Additional research suggests that drinking coffee may also help fend off mild cognitive impairment (MCI), the decline in one’s cognitive abilities beyond expected changes related to aging. MCI is often, but not always, a precursor to Alzheimer’s disease. A study from the Journal of Alzheimer’s Disease determined that older individuals who drink one to two cups per day have lower levels of mild cognitive impairment compared with those who don’t drink coffee. (It’s important to note that the same study found that people who hadn’t been regular coffee drinkers beforehand were actually at higher risk for MCI.)

But when it comes to coffee, more isn’t always better. In fact, high doses can have a negative effect on memory and attentiveness, Giordano says. Plus, “the more coffee you drink, the more used to the caffeinated effect you’ll get, and the more you’ll need.”

So what’s the sweet spot to reap the potential brain benefits? The Mayo Clinic recommends up to 400 milligrams daily — about four cups of coffee — for most adults. But how many cups you can safely consume a day depends on several factors, including your size and liver function, says Grider, who adds that genetics and diet can also influence how fast your body breaks down caffeine.

Potential problems

Despite coffee’s potential brain-boosting perks, researchers have also identified some potential drawbacks that might make you think twice before ordering that latte. In one study published in the American Journal of Epidemiology that involved more than 60,000 women, a high coffee intake was associated with minor decreases in bone mineral density. But Grider, for one, is not overly concerned. “Based on the most recent data available, it appears that decreased bone density does not relate to an increase in bone fractures. Therefore, I would say that coffee is fine unless a person already has advanced osteoporosis.”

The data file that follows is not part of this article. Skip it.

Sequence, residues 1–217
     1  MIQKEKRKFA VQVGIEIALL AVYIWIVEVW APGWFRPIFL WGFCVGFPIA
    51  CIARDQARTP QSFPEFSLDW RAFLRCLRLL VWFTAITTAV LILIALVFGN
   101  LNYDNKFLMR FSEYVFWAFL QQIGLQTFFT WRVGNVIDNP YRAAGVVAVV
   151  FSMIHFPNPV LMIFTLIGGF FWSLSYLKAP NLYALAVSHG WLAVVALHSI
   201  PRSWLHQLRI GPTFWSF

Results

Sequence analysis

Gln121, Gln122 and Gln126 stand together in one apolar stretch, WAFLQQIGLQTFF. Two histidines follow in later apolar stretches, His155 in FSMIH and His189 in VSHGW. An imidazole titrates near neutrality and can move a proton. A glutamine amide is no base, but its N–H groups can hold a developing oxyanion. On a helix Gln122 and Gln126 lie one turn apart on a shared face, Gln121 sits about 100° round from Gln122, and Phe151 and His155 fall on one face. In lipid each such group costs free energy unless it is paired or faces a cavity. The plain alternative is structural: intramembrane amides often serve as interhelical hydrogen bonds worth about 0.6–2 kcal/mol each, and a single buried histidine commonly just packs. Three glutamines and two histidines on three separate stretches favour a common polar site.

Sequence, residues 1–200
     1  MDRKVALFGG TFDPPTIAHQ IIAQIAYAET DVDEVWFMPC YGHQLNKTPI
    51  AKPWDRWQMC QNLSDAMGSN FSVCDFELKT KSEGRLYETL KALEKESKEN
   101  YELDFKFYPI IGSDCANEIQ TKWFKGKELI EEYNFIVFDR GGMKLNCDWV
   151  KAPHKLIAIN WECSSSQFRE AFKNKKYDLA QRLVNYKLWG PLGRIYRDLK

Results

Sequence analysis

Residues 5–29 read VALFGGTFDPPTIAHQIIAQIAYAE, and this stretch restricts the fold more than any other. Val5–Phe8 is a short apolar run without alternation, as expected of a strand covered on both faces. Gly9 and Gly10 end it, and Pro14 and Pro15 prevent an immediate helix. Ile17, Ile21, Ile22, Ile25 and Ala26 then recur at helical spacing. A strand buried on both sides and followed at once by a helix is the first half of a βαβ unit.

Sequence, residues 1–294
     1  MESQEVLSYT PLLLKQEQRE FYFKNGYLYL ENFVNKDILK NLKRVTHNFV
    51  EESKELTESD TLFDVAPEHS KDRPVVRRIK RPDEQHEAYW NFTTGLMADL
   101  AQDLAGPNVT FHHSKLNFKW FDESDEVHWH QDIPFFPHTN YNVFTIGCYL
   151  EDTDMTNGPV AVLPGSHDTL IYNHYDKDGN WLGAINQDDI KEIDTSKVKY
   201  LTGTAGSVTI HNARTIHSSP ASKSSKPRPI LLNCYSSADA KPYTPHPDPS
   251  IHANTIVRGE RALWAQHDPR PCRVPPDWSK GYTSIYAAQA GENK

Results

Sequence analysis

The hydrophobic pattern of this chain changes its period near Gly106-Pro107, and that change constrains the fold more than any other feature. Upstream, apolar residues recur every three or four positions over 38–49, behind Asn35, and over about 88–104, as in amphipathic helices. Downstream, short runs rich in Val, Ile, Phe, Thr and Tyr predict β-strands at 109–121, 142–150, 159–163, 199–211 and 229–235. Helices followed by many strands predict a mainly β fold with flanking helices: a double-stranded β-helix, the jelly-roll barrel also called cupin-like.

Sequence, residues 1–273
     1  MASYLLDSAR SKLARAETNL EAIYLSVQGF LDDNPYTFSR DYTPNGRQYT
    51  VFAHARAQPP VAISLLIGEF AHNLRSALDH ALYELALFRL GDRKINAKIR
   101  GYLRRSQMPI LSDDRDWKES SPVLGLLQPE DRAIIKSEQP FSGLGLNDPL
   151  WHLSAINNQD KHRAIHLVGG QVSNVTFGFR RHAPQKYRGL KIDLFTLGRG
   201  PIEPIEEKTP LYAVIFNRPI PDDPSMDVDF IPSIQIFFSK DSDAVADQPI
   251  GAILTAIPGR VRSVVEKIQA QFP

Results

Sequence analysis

Coffee’s impact on sleep is a much greater concern. “As we age, our biorhythm shifts earlier and earlier,” says Jeffrey Ellenbogen, a sleep specialist at the Johns Hopkins University School of Medicine in Baltimore. “We tend to go to bed and wake up earlier. Caffeine lasts in our bodies for about seven hours, so that late-afternoon cup of coffee begins to encroach on bedtime, making it hard to fall asleep.”

In some instances, you may want to rethink your overall coffee habit, at least temporarily. This includes when you’re taking over-the-counter (OTC) supplements for weight loss or memory boosting. “Many OTC treatments contain stimulants that, when taken with caffeine, can have negative effects,” Giordano says. In addition, if you are prone to high blood pressure or taking medications for low blood pressure, caffeine might not be a good idea. Lastly, those with acid reflux, cardiac conditions (such as unstable heart rhythms) and disorders of the parasympathetic and sympathetic nervous systems should check with their doctors before consuming, Giordano advises. 

One last coffee caveat: Adding lots of sugar and cream to your cuppa joe may counter the brain-boosting benefits while also wreaking havoc with your waistline. So it pays to be mindful about what you’re putting in your coffee as well as how many cups a day you’re consuming.